Nollan v. California Coastal Commission, U.S. Supreme Court (1987).

Facts: James and Marilyn Nollan own a beachfront lot in Ventura County, California, situated between two public beaches: Faria County Park, a quarter mile to the north, and "the Cove" which is 1,800 feet to the south. The oceanside boundary of the property is formed by the historic mean high tide line, and the beach portion of the property is separated from the rest of the lot by an eight foot high concrete seawall.

The Nollans had originally leased their property with an option to buy, and at the time the building on the lot was a 504 square foot bungalow which had fallen into disrepair during the Nollan's lease. In order to purchase the lot, the Nollans were required to demolish the bungalow and replace it; thus, in February of 1982, they submitted an application to the California Coastal Commission for a coastal development permit, proposing to demolish the bungalow and replace it with a three-bedroom house in character with the surrounding neighborhood. The Commission granted the permit, but subject to a recordation of a deed restriction granting the public an easement to pass along the beach portion of their property (between the high tide line and the seawall).

In June of 1982, the Nollans filed a petition for a writ of administrative mandamus asking the Ventura County Superior Court to invalidate the access condition, arguing that the condition couldn't be imposed without evidence that their proposed development would have a direct adverse impact on public access to the beach. The court remanded the case to the California Coastal Commission for a full evidentiary hearing on the issue; the Commission complied but after further factual findings, it reaffirmed its imposition of the condition.

Procedure: The Nollans filed a supplemental petition for a writ of administrative mandamus with the Ventura County Superior Court, this time arguing that the imposition of the access condition violated the Takings Clause of the Fifth Amendment as incorporated against the States by the Fourteenth Amendment. The Superior Court found in favor of the Nollans but on the grounds of their first petition argument.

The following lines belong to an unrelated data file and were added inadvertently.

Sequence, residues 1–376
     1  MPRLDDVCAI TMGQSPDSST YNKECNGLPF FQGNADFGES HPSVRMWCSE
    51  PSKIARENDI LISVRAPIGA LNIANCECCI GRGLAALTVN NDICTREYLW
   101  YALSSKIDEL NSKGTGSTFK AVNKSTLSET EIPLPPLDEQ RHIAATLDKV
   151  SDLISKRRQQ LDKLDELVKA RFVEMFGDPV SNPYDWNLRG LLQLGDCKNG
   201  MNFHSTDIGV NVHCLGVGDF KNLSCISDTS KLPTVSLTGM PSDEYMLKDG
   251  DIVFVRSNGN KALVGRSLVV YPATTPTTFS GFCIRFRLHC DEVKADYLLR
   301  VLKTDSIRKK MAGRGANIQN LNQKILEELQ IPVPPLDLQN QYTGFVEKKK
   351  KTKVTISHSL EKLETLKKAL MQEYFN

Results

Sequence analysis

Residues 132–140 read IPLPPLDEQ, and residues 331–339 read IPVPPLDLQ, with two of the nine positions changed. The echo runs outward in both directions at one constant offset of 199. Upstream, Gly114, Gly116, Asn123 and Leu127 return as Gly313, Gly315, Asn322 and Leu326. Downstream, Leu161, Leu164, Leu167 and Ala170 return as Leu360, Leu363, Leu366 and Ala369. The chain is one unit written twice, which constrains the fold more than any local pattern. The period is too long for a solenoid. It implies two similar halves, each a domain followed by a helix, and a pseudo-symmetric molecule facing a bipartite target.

The Commission appealed to the California Court of Appeal, which reversed the Superior Court. (However, while the appeal was pending, the Nollans tore down the bungalow, built the new house and purchased the land.) The Nollans appealed to the U.S. Supreme Court on the basis of the Takings Clause.

Issue: Does the conditioning of a development permit on a public easement across a landowner's premises constitute the taking of a property interest and therefore violate the Fifth Amendment?

Holding: The court found the permit condition to be a taking, and thus unconstitutional.

Rationale: In order for land-use regulation to not effect a taking, it must "substantially advance legitimate state interests" and it must not "deny an owner economically viable use of his land." The Commission argues that legitimate state interests include: protecting the public's ability to see the beach, assisting the public in overcoming the "psychological barrier" to using the beach created by a developed shorefront, and preventing congestion on public beaches. The court agreed these were legitimate state interests but concluded that the public easement condition was not a reasonable means for those ends, so the rational nexus was missing: "The evident constitutional propriety disappears, however, if the condition substituted for the prohibition utterly fails to further the end advanced as the justification for the prohibition. When that essential nexus is eliminated, the situation becomes the same as if California law forbade shouting fire in a crowded theatre, but granted dispensations to those willing to contribute $100 to the state treasury."

Finally, the court points out that if the state wants an easement across the property, it should use the power of eminent domain and compensate the Nollans.

Notes: Justice Brennan has a detailed dissenting opinion, and indeed, much of Scalia's opinion is a response to Justice Brennan's arguments.

On the rational nexus, he counters, (p 244, second p) "the Court finds fault with this measure because it regards the condition as insufficiently tailored to address the precise type of reduction in access produced by the new development. The Nollans' development blocks visual access, the Court tells us, while the Commission seeks to preserve lateral access along the coastline. Thus, it concludes, the State acted irrationally." He then goes on to explain why this "narrow conception of rationality... has long since been discredited as a judicial arrogation of legislative authority." Further, (p244, last p) "Even if we accept the Court's unusual demand for a precise match between the condition imposed and the specific type of burden on access created by the appellants, the State's action easily satisfies this requirement. First, ..."